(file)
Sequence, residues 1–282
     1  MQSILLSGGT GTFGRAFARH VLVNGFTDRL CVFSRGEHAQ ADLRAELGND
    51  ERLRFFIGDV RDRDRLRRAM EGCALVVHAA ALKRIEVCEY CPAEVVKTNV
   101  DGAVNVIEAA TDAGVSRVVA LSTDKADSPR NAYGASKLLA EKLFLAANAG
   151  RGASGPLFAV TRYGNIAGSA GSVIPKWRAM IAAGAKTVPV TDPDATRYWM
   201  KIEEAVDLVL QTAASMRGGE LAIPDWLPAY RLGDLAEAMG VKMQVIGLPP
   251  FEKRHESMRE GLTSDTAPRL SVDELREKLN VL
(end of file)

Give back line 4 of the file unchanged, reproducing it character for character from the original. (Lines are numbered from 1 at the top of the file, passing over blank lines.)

   101  DGAVNVIEAA TDAGVSRVVA LSTDKADSPR NAYGASKLLA EKLFLAANAG